linear programming relaxation with an arbitrary number of
side constraints per time period. The computational results
they present are very promising.
For a more detailed survey of exact optimization
approaches for Johnsons model and other variants, see
Osanloo et al. (2008). For a recent survey of operations
research applications in mine planning, see Newman et al.
(2010). For a detailed treatment of open-pit mine planning,
see Hustrulid and Kuchta (2006).
In this paper, we present a new methodology for solv-
ing instances of C-PIT with a single resource constraint
per time period (i.e., when R = 1). This methodology is
described in 3. In 4 we describe an implementation of
the algorithm and the results obtained from testing it on
several real mine planning instances.
3. Methodology
The proposed methodology consists of three steps: First,
we solve the linear programming (LP) relaxation of C-PIT
with a new decomposition method called the critical multi-
plier algorithm. This algorithm requires that the C-PIT for-
mulation have a single resource constraint per time period.
A description of the critical multiplier algorithm is pre-
sented in 3.1. Second, we apply a rounding heuristic to
the fractional solution obtained from the critical multiplier
algorithm. This heuristic is based on topological sorting and
is described in 3.2. Third, in 3.3, we apply a local-search
heuristic to improve the quality of the solutions obtained by
the rounding heuristic. Throughout this section, we assume
that all scalars and vectors are rational numbers.
3.1. The Critical Multiplier Algorithm
In this section, we describe the critical multiplier algorithm
for solving the linear programming relaxation of C-PIT
when there is only a single resource constraint per time
period.
We begin by studying the problem CP(), which can be
considered as a single time period version of C-PIT with
only a single resource constraint.
CP() =max x,
s.t. ox
Chicoisne et al.: Algorithm for Open-Pit Mine Production Scheduling Problem
Operations Research 60(3), pp. 517528, 2012 INFORMS 521
x
i
x
]
(i, ])
0 x
i
1 i .
Let z(\) correspond to the optimal objective function value
of problem UPL(\o), as dened in (1a)(1c). It is well
known (Lerchs and Grossmann 1965, Matheron 1975a,
b) that
1. z(\) is a convex piecewise linear function with a nite
number of break-points
\
1
>\
2
> >\
k
;
2. for each i 1, . . . , k there exists x
i
such that it is an
optimal solution of UPL( \o) for all \ |\
i+1
, \
i
] and
such that
x
1
x
2
x
k
.
Proposition 3.1. Consider a scalar l. For each i
1, . . . , k let l
i
=ox
i
, and dene
u =min]i 1. . . k: l
i
l],
I =max]i 1. . . k: l
i
l].
If u = I, then solution x = x
u
= x
I
is optimal for CP(l).
Otherwise, dene
o =
l
u
l
l
u
l
I
.
Solution x =ox
I
+(1 o)x
u
is optimal for CP(l).
Proof. Let Nx 0 represent the set of precedence con-
straints, and let 1 represent the vector of all ones. The dual
problems associated to UPL( \o) and CP(l) are as
follows:
min 1,
B
DUPL( \o) = s.t. ,
B
+N
T
,
A
(
T
\o
T
)
, 0,
min 1,
B
+jl
DCP(l) =s.t. ,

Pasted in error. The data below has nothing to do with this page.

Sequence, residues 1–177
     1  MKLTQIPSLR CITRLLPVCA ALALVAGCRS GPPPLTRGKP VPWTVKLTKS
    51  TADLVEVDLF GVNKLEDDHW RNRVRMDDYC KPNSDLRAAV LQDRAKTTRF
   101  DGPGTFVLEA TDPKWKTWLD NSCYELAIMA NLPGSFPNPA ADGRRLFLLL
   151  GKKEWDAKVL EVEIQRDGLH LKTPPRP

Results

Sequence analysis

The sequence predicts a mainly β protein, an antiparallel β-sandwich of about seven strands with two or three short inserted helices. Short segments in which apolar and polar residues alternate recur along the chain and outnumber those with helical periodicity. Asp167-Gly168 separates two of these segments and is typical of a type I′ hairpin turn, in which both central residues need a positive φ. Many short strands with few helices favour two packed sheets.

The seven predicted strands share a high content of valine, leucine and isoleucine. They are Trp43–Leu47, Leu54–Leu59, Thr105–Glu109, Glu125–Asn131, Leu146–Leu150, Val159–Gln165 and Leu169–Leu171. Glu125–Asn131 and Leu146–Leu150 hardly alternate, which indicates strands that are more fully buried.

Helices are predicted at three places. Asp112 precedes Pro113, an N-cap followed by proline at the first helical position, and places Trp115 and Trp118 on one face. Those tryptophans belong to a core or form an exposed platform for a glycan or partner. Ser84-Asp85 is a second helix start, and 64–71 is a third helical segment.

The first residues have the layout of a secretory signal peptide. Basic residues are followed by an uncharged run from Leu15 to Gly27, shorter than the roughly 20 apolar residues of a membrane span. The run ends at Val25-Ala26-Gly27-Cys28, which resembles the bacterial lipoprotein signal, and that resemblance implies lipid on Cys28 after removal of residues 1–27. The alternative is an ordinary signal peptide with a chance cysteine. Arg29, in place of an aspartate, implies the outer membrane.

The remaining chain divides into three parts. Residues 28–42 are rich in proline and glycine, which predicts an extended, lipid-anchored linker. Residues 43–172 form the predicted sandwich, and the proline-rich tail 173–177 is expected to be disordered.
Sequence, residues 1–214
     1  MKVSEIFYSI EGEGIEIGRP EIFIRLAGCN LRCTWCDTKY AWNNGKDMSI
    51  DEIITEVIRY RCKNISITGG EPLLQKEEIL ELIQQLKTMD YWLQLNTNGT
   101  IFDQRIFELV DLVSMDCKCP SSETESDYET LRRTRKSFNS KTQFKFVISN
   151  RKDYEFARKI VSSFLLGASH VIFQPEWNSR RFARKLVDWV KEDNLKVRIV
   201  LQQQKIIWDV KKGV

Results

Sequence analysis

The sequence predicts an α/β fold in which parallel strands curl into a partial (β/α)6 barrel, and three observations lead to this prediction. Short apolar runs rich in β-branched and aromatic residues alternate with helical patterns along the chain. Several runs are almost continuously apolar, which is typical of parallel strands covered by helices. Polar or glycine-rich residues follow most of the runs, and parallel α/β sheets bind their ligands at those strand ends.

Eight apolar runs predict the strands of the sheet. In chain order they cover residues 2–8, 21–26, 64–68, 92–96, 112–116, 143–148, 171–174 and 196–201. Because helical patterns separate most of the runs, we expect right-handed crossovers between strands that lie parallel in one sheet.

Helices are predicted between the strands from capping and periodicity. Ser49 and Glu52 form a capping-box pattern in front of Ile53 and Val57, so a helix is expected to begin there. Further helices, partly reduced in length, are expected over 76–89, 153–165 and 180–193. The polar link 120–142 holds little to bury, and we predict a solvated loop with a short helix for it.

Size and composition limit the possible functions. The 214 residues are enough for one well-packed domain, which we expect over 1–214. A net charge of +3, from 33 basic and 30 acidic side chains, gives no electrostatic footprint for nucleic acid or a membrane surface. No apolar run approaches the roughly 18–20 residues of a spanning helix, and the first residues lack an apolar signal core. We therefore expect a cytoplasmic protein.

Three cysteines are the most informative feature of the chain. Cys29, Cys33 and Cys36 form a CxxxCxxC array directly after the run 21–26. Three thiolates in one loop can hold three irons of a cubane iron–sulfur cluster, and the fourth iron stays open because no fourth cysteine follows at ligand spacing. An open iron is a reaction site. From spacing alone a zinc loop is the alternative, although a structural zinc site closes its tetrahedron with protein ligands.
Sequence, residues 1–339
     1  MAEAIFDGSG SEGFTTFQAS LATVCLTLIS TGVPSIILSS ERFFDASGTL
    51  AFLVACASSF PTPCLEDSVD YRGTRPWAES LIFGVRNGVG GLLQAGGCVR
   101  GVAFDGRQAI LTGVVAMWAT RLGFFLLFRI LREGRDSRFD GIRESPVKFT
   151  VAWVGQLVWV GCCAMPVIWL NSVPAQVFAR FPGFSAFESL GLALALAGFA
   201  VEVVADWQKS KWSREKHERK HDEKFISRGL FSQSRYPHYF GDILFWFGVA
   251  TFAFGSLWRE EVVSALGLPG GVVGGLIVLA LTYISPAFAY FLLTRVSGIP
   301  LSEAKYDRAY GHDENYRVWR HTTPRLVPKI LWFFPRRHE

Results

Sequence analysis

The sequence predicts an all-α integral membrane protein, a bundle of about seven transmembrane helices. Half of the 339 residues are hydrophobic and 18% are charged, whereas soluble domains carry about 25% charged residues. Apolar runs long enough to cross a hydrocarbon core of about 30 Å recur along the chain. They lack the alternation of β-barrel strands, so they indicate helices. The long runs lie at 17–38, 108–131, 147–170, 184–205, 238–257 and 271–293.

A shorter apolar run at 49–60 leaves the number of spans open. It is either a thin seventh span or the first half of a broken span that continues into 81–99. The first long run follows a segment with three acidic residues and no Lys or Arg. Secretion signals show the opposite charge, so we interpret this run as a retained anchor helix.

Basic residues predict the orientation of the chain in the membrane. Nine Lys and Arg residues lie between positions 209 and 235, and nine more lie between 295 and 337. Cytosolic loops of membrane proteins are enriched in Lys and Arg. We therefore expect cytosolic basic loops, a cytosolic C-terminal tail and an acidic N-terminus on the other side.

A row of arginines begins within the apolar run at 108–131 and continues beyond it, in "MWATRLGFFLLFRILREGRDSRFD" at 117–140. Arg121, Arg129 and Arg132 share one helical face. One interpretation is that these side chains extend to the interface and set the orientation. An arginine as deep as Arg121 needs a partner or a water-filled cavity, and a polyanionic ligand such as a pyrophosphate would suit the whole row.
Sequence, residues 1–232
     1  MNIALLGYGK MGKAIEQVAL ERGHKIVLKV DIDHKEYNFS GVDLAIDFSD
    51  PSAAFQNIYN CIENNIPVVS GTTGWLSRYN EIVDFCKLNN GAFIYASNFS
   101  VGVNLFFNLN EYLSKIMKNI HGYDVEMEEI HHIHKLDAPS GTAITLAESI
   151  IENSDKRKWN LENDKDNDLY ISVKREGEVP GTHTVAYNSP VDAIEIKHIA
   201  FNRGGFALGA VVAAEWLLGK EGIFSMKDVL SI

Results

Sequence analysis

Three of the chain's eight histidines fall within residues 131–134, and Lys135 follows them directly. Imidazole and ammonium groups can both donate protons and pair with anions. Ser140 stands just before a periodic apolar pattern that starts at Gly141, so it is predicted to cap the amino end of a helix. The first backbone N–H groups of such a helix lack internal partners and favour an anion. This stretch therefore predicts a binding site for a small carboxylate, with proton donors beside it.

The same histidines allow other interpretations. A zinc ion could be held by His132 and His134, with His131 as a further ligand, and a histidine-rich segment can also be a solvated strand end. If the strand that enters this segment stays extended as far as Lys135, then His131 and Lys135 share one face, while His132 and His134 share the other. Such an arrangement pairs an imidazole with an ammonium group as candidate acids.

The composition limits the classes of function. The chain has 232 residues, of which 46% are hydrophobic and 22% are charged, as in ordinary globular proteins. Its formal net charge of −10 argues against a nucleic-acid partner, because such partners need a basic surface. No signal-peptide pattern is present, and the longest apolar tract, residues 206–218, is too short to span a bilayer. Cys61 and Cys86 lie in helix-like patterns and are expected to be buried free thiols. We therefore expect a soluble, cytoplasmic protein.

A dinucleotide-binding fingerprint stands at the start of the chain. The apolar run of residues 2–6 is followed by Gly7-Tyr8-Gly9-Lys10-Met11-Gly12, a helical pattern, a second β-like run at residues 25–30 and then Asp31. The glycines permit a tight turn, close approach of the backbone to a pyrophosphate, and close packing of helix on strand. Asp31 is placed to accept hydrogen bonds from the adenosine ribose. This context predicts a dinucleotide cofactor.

B
+N
T
,
A
+jo
T

T
,, j0,
where ,
A
, ,
B
, and j are dual variables associated with con-
straint sets Nx 0, x 1, and ox l, respectively.
First, note that x is feasible for CP(l).
Second, let (,

A
, ,

B
) be an optimal solution of
DUPL( \
u
o); then, it is easy to see that (,

A
, ,

B
, \
u
) is
feasible for DCP(l) and has objective function value 1,

B
+
\
u
l. Because both x
u
and x
I
are optimal for UPL(\
u
o),
it follows that
1,

B
=( \
u
o)x
u
, (4)
1,

B
=( \
u
o)x
I
. (5)
Taking (1 o) (4) +o (5), we obtain
1,

B
=((1 o)x
u
+ox
I
) \
u
((1 o)ox
u
+oox
I
)
= x \
u
((1 o)l
u
+ol
I
)
= x \
u
l.
Thus,
x =1,

B
+\
u
l.
By strong duality, we conclude that x is optimal for
CP(l).
A similar version of Proposition 3.1 was proved in
Lerchs and Grossmann (1965), but with a focus on
parametric analysis of ultimate pit limit solutions.
Proposition 3.2. Let
1
>
2
> 0 and let x
1
and x
2
be
corresponding optimal solutions of CP(
1
) and CP(
2
) as
characterized in Proposition 3.1. Then, x
1
x
2
.
Proof. From Proposition 3.1 we know for some i, ] and
o
1
, o
2
that
x
1
=o
1
x
i
+(1 o
1
)x
i+1
,
x
2
=o
2
x
]
+(1 o
2
)x
]+1
.
First, suppose i >]. We have x
]
x
]+1
x
i
x
i+1
. Hence,
x
1
x
2
. Second, suppose i =]. As in Proposition 3.1, let
\
u
=\
i+1
=\
]+1
and \
I
=\
i
=\
]
. Dene l
u
and l
I
in the
same way. We have
o
1
=
l
u

1
l
u
l
I
o
2
=
l
u

2
l
u
l
I
.
Thus,
1
>
2
implies o
1
- o
2
. Because x
i
x
i+1
, it fol-
lows that x
1
x
2
.
We now present the main result of this section: an algo-
rithm for solving the linear programming relaxation of
C-PIT, as dened in Equations (3a)(3f), when there is only
a single resource constraint per time period (i.e., R = 1).
A summary of the solution methodology is presented in
Algorithm 1.
Theorem 3.1. Consider an instance of C-PIT with a single
resource constraint per time period. For each t 1, . . . , T
let U
t
=

t
s=1
c
t
, and let x
t
represent the optimal solu-
tion of CP(U
t
), obtained as in Proposition 3.1. Then, x =
( x
1
, x
2
, . . . , x
T
) is an optimal solution to the linear pro-
gramming relaxation of C-PIT. Furthermore, x can be com-
puted in O(mnlogn), where n is the number of blocks and
m the number of precedences.
Chicoisne et al.: Algorithm for Open-Pit Mine Production Scheduling Problem
522 Operations Research 60(3), pp. 517528, 2012 INFORMS
Proof. First, note that x is feasible for the following
problem:
AUX =max

l
T

t=1

lt
(x
lt
x
l, t1
), (6a)
s.t. x
it
x
]t
t =1, . . . , T (i, ]) (6b)
x
lt
x
l, t+1
,
l , t =1, . . . , T 1, (6c)

l
o
l
x
lt
U
t
t =1, . . . , T , (6d)
0 x
lt
1 l , t =1, . . . , T , (6e)
x
l0
=0 l . (6f)
In fact, because x
t